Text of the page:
Child training

Teach a child to be polite and courteous, and when he grows up, he’ll never be able to drive in Manila.

Sam Miguel
07-31-2013, 01:43 PM
Strategic Horizons: To Build Future Military, U.S. First Needs Strategic Vision

By Steven Metz, on 24 Jul 2013, Column

The community of national security experts is consumed with debate on the appropriate size and configuration of the American military. Seldom does a week pass without some new report, commission or conference offering solemn advice on this complex issue. Policy journals and op-ed pages are awash with articles on it. Such vigorous discussion is a good thing, but it may be focused on the wrong issue—ultimately the size of the armed forces matters less than what they are asked to do.

There are analysts, though, who are grappling with the type of conflicts the U.S. military may be ordered to fight in the next few decades. U.S. Army Maj. Gen. H.R. McMaster recently penned a powerful essay reminding Americans of what he calls the "pipe dream of easy war," in which easy victories are "achieved by small numbers of technologically sophisticated American forces capable of launching precision strikes against enemy targets from safe distances."

McMaster always deserves serious consideration: He is one of the U.S. military's most important strategic thinkers with a profound grasp of both the technicalities of warfighting and the politics of war. His reminder that armed conflict will remain complex, dirty and protracted is important. But that alone it is not enough to drive military force and concept development. Military leaders know that the defense budget and the size of the armed forces will decline. They know that sustaining existing military capabilities will be challenging and developing new ones will be difficult and time consuming. But the challenge is identifying which capabilities to develop and which to abandon.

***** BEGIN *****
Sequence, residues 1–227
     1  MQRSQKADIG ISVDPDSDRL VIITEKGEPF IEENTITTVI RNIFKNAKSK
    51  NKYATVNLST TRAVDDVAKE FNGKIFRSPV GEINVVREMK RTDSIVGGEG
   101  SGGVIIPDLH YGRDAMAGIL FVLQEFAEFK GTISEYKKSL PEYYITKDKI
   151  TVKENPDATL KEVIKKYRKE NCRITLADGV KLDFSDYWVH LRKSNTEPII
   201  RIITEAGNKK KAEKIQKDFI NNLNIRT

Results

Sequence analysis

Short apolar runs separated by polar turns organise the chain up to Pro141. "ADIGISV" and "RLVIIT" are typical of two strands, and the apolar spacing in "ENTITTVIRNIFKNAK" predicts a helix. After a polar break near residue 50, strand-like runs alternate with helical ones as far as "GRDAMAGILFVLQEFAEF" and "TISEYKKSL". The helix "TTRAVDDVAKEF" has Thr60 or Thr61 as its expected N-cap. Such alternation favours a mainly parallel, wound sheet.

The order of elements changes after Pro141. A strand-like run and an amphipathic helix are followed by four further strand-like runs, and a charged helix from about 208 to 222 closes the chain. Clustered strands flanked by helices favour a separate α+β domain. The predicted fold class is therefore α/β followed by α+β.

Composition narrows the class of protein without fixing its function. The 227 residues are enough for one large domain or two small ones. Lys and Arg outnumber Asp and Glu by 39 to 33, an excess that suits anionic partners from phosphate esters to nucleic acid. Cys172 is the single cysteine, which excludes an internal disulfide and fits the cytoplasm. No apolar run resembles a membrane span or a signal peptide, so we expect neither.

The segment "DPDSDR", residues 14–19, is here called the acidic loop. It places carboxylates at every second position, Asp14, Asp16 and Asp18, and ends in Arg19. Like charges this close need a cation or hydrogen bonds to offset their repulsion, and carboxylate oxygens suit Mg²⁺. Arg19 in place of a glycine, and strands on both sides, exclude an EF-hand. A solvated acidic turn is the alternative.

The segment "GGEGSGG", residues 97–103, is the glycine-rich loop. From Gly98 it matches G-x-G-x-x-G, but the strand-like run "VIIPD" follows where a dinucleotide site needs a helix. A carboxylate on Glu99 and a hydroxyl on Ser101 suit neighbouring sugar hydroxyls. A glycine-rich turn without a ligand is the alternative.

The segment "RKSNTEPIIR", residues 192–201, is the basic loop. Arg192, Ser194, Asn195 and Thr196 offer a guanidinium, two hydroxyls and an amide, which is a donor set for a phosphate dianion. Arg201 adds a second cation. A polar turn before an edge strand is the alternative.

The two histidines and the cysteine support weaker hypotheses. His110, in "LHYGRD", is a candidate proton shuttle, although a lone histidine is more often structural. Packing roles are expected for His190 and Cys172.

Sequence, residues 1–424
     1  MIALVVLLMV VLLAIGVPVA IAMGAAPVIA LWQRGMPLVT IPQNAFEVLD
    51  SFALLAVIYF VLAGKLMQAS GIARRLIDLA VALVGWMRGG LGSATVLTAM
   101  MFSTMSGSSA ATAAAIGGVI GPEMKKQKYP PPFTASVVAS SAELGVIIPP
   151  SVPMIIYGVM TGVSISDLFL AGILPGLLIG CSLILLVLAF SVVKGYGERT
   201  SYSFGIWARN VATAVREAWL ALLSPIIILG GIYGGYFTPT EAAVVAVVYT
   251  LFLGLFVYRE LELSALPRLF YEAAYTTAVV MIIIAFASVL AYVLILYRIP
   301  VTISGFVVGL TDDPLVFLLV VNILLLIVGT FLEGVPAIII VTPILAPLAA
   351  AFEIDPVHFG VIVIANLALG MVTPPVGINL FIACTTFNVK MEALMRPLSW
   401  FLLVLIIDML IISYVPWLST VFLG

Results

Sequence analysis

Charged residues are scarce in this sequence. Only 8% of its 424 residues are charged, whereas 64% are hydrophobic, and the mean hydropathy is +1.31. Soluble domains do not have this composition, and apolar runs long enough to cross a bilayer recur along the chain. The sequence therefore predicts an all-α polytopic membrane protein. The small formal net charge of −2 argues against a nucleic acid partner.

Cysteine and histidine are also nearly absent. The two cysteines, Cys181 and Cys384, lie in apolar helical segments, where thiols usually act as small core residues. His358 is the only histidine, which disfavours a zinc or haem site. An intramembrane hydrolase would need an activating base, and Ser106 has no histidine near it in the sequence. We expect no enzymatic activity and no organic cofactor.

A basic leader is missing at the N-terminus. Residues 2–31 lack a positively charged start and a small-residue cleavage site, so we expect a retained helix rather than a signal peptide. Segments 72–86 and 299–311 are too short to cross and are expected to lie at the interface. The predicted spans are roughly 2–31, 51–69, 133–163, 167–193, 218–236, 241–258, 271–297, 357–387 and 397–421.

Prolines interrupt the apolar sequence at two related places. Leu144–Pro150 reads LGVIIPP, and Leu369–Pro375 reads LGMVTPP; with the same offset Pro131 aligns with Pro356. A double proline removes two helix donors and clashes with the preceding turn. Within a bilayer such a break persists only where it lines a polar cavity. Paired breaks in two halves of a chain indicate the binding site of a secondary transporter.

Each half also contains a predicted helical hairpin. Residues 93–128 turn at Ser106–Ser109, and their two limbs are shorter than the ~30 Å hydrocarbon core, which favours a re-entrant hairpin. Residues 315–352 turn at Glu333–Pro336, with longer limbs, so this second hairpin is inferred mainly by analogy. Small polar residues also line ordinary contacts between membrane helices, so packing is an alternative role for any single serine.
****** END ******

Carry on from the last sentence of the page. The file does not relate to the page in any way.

The problem is politics. The American political system is based on civilian control of the military. Military leaders cannot and should not develop a national strategic vision—that is the responsibility of civilian political leaders in consultation with the public. But in the current political climate, civilian leaders are unable or unwilling to articulate a long-term strategic vision. Without one, the architects of the future military must speculate about what the armed forces will be ordered to do.

The roots of this problem lie deep in history. The American political system was not designed to develop, implement and adjust a coherent national security strategy. For much of its history, the United States was an insular, inward-looking nation. The Founding Fathers and most of the political leaders who followed them did not want the United States to be a great power in the European mode. Hence they did not build the institutions or mindset to do so, settling instead for reluctant and episodic involvement outside the Western Hemisphere.

When World War II and the Cold War compelled the United States to become a great power, Americans cobbled together institutions and, importantly, the mindset needed for far-flung security commitments. This was made possible by the clear threat posed first by Nazi Germany and Imperial Japan, and then by the Soviet Union manipulating global communism, anti-colonialism and the political awakening of repressed peoples. Americans argued over much of their security strategy but generally agreed that the long-term objectives and top priorities were the containment of Soviet power and the downfall of communism. When this finally happened, American strategy carried on as if by inertia, sticking with the goal of sustaining U.S. military dominance and maintaining the security system that had emerged during the Cold War.